The winery has become the new art gallery for big-time architects who want to make a reputation-boosting statement building.
While dozens of wineries in the Okanagan have jaw-dropping views, these are the five that have amped up their vineyards with buildings as impressive as the surroundings.
Mission Hill, Kelowna Architect: Tom Kundig, 2000 When Anthony von Mandl hired the Seattle-based Kundig 14 years ago, he was something of a hidden gem in the architecture world. These days, he’s arguably the best-known residential architect in North America and his work on Mission Hill—all warm modernism mixed with awe—is the anchor piece of architecture in the entire valley. Von Mandl has reengaged Kundig for a new project currently under construction for the boutique Martin’s Lane label.Okanagan Crush Pad, Summerland. (Photo by Lionel Trudel.)
Okanagan Crush Pad, Summerland Architect: Brad Tone, 2011 There is no more classic idiom than “form follows function,” and this custom crush pad—meaning they make their own wine but also make wine for other people’s labels—didn’t have the luxury of grand public spaces. But co-owners Christine Coletta and Steve Lornie (a former builder) worked with Tone to create a triumph of utilitarian chic—everything moves, everything can be hosed down and a visit here is a chance to see a beautiful showcase of the hard work of making wine.Painted Rock, Skaha Bluffs. (Photo by Painted Rock.)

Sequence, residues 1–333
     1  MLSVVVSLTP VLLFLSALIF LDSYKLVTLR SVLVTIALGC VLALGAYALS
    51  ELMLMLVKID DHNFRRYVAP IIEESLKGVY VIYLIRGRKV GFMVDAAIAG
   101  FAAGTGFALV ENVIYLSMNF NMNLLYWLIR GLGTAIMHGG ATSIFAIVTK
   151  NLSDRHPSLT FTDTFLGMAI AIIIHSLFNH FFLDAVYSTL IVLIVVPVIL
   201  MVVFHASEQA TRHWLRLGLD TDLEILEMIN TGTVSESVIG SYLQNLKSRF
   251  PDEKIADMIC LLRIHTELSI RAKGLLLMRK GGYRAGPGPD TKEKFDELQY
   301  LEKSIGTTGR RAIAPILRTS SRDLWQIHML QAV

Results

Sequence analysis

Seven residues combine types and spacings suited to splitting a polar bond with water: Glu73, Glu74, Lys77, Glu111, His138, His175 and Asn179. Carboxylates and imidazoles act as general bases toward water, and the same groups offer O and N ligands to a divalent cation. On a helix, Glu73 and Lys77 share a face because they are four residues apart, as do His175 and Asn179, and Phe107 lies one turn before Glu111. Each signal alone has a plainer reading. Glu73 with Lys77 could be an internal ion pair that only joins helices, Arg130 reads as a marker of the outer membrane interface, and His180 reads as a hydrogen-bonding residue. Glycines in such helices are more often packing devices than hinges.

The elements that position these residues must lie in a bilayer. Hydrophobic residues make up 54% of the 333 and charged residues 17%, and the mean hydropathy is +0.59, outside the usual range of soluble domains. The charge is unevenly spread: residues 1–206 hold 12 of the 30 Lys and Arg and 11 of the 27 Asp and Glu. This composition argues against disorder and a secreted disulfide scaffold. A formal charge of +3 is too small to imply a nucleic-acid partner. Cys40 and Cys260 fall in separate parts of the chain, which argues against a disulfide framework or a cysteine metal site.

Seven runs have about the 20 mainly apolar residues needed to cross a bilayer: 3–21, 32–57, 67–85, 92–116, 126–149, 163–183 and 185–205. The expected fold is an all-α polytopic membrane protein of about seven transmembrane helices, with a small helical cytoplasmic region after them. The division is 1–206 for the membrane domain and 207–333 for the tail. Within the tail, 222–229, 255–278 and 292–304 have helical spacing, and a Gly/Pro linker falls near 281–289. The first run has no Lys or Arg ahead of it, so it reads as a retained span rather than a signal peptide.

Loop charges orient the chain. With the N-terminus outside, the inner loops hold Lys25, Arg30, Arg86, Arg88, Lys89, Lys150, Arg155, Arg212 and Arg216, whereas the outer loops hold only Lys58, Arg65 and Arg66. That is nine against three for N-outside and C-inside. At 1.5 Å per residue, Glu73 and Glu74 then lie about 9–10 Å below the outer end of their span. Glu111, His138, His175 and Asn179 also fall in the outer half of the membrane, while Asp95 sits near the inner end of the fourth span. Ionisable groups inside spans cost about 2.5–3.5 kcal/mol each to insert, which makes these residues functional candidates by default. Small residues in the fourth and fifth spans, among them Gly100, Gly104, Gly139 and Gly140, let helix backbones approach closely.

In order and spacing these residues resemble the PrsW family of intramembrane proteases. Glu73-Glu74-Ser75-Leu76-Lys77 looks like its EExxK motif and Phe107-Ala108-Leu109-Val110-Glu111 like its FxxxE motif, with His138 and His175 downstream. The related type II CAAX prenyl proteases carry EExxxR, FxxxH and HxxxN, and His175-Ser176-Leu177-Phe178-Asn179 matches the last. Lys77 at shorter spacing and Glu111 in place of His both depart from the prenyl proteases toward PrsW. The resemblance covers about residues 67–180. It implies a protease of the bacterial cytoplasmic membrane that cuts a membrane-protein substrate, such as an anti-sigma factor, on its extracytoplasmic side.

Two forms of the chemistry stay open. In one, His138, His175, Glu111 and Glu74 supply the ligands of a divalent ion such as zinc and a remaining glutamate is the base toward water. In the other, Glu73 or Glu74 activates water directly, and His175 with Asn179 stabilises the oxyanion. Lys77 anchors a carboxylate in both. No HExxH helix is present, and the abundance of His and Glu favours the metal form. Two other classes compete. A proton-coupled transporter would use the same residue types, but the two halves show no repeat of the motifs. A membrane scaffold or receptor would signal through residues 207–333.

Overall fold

Painted Rock, Skaha Bluffs Architect: Dominic Unsworth (designer), Robert Mackenzie (architect) 2013 Painted Rock has achieved huge success in a relatively short period of time, so it showed amazing restraint to eschew a big, flashy tasting room in favour of this model of elegant simplicity. Its gleaming white facade channels Richard Meier and at a compact 1,700 square feet it makes sure to complement, not overwhelm, the perfect setting of vines that terrace down to Skaha Lake.Culmina, Oliver. (Photo by Lionel Trudel.)
Culmina, Oliver Architect: Cedric Burgers, 2013 Owner and industry legend Don Triggs spared no expense on his new endeavour—the vineyard planting and management is unreal—but for his winery and tasting room, he had Burgers channel a more down-to-earth vibe of modern farmhouse (albeit the nicest farmhouse you’ll likely ever see). A mix of clean modern lines and warm cladding, its low-slung rooflines are set off to the side so as to not dominate the site.Terravista, Naramata. (Photo by Ed White.)
Terravista, Naramata Architect: Nick Bevanda, CEI Architecture, 2012 Bob and Senka Tennant built Black Hills into one of the valley’s first cult wines, but with their new venture they wanted to keep production small and focused—and Nick Bevanda built them a winery to match. It’s purpose-built and compact but has enough zip, like those Mondrian-esque windows, to excite (and it only cost $600,000).